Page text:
After spending my childhood in San Diego and a few other mild climates, I spent three years in the Midwest and discovered and truly experienced the four seasons. It was during this time living in the tri-state area of Iowa, Illinois, and Wisconsin that I fell in love with the beauty of autumn. (Winter: not so much.)
I came back to Southern California, first to Los Angeles where my husband attended graduate school and finally back to San Diego in 1981. I remember how dismayed I was by the annual presence of the Santa Ana winds and the accompanied fire threats. While living in the Midwest, during the same period, the air would be chilling and the leaves turning beautiful colors. It made sense that all the stores were filled with clothing featuring layers and wool. Trips to the pumpkin patch involved REAL pumpkin patches on farms out in the country. Celebrating fall in Southern California seemed so artificial and out of touch to me.
The traditional approach to teaching in the 1980’s and early 90’s when I returned to the classroom involved using “themes” so our topics would be “apples” and “fall leaves” in September and October. It didn’t make sense to me, so I didn’t do it. I do remember taking a class on a field trip to San Clemente Canyon off 52 where giant, native sycamores grow and drop their dry, yellow and brown leaves starting in November. It was a genuine fall experience that filled our senses with sound, texture and smell.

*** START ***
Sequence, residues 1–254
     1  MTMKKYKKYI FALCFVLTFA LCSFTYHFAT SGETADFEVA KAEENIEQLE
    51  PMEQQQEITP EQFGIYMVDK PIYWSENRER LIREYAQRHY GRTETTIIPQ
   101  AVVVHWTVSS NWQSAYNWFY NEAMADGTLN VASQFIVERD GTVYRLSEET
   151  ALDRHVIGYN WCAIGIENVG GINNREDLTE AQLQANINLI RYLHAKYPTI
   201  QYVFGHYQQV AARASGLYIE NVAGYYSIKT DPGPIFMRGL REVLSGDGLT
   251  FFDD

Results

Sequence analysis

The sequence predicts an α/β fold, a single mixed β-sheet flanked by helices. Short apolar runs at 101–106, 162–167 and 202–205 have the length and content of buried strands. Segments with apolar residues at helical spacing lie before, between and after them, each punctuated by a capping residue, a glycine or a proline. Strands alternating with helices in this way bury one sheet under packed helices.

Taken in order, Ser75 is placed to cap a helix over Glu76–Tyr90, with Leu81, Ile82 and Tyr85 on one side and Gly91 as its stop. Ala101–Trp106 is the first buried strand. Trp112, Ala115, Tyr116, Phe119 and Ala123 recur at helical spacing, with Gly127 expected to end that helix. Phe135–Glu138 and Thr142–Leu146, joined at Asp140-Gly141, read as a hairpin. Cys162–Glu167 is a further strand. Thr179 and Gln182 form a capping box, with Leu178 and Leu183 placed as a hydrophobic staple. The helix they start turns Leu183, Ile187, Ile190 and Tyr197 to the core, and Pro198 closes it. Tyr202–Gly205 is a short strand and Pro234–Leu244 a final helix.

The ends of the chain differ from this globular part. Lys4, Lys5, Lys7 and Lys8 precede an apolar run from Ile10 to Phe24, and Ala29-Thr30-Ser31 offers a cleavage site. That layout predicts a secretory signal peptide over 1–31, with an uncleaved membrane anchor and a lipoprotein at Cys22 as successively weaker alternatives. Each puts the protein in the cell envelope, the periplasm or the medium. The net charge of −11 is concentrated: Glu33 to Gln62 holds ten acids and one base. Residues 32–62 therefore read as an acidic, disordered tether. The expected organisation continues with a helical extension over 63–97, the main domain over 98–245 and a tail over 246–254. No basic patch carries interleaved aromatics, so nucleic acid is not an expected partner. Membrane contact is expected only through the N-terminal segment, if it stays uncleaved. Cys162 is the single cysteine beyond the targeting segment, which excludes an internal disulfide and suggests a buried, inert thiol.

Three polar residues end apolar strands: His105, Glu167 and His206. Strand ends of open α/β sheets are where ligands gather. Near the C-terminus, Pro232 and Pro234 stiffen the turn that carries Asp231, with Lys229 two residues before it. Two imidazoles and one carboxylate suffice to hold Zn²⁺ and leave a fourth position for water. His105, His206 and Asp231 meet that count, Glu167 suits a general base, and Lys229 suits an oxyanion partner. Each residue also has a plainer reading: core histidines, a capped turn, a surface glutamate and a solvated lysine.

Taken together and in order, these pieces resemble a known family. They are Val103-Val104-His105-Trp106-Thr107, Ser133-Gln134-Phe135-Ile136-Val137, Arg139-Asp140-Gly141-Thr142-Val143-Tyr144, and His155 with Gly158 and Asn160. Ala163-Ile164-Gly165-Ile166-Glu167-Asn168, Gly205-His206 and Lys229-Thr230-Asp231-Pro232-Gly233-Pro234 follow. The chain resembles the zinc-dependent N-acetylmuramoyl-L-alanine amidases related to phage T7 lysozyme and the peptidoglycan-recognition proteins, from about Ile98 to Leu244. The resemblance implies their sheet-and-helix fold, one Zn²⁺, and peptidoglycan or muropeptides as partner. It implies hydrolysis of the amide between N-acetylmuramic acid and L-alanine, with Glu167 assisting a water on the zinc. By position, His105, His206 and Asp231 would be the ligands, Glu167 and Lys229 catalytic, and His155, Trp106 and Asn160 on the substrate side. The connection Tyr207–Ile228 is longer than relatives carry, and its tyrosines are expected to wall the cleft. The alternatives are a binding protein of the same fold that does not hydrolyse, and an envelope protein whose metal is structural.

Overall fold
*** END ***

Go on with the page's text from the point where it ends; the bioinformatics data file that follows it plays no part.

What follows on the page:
Since those days, I have learned to appreciate that Southern California does experience a change of season that goes beyond the threat of wildfires. Although much more subtle than what I experienced in the Midwest, the climate does cool and changes can be observed.
One simple observation may be a new phenomenon not available when I was growing up. Just like the jacaranda trees (whose purple flowers herald spring) liquid amber trees have been planted everywhere and we can all witness the change of seasons throughout the year. We at Hanna are so lucky to have a small grove available right on our block! If you take a close peek, you will see some leaves where the edges are turning a reddish brown and others have turned a beautiful yellow. Each day as I walk by, I pick up the yellow leaves that have dropped on the ground. Even the leaves on our very own grape vine found along the fence separating the lower and Garden Classroom are changing colors due to the shortened hours of each day.
These leaves, along with some small pumpkins, and a pomegranate that I received as a gift served as the inspiration for our “fall pallet” that was mixed by the children. Besides being a tangible concept of autumn, the beautiful jewel tones of the paints is another way for the children to connect with nature and appreciate all the earth has to offer.
Yes, we can all take the drive to our local mountains to pick some apples or gather acorns (which I do!) but I like looking for the small signs in the trees or even in our own backyards, where the tomato plants are starting to wither (this is one great advantage of living in San Diego) and a new crop of “winter vegetables” can be planted.
Meanwhile, I have to go outside and water, Santa Ana winds are coming. Sigh…